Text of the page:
Introduction: The EQ-5D provides preference weights (utilities) for health-related quality of life to be used for calculating quality-adjusted life years (QALYs) in cost-utility analysis. The aim of this study was to compare differences in EQ-5D utility scores with differences in quality of life, psychopathology, and social functioning scores.
Methods: In an observational longitudinal cohort study, EQ-5D utilities (EQ visual analogue scale (EQ VAS), EQ-5D indices of the United Kingdom (EQ-5D index-UK) and Germany (EQ-5D index-D)) were compared with scores of the WHOQOL-BREF, CGI, and GAF at baseline and at 18 months (N=104). The patients' health status at follow-up was categorized as "worse", "stable", or "better" using the EQ-5D transition question (patient-based anchor) and the Bech-Rafaelsen melancholy scale (clinician-based anchor). Effect sizes (ES) were used to compare differences in scores within each group over time; regression analysis was used to derive meaningful difference scores in health status associated with a shift from "stable" to "better" health status.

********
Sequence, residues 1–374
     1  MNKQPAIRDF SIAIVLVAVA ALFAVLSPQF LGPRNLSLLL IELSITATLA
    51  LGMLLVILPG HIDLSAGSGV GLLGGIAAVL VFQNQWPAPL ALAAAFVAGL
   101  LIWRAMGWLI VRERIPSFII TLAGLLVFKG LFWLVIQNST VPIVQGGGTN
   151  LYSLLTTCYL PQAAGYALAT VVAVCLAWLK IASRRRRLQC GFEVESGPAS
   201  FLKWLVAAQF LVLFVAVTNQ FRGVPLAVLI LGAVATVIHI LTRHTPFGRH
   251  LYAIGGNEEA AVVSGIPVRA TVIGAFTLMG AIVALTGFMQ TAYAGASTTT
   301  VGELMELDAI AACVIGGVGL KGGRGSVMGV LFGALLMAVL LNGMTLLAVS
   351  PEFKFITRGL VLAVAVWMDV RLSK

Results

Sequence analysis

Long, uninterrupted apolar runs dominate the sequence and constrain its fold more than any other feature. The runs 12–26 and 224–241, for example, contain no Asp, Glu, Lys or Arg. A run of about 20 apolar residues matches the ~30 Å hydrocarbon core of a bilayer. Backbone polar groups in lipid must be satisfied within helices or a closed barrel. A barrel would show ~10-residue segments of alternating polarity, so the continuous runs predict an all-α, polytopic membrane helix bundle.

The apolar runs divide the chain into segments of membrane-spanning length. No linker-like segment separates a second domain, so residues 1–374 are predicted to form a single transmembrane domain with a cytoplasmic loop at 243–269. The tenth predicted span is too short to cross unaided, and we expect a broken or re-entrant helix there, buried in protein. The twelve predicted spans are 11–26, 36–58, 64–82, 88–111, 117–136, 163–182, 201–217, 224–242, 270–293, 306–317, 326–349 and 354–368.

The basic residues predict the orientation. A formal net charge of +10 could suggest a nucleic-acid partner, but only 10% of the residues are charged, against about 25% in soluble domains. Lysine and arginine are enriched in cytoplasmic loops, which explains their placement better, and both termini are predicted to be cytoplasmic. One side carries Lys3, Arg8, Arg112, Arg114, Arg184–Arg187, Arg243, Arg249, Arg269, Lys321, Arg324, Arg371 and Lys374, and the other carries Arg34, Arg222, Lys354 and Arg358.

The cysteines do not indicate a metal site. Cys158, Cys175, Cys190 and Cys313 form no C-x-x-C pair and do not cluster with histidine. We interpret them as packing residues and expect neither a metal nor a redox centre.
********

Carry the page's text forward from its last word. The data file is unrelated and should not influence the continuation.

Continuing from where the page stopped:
Results: The most responsive instrument was the CGI (patient-based anchor: ES=|0.98|; clinician-based anchor: ES=|1.35|); responsiveness was large in EQ VAS (patient-based anchor: ES=|0.84|; clinician-based anchor: ES=|1.19|), but rather small to medium for EQ-5D index-UK (patient-based anchor: ES=|0.55|; clinician-based anchor: ES=|0.65|) and EQ-5D index-D (patient-based anchor: ES=|0.41|; clinician-based anchor: ES=|0.45|). Compared with the other instruments, the shift to a "better health status" was smaller if elicited by the EQ-5D indices.
Discussion: Both EQ-5D indices were less responsive and need larger patient samples to detect meaningful differences compared with EQ VAS and the other instruments.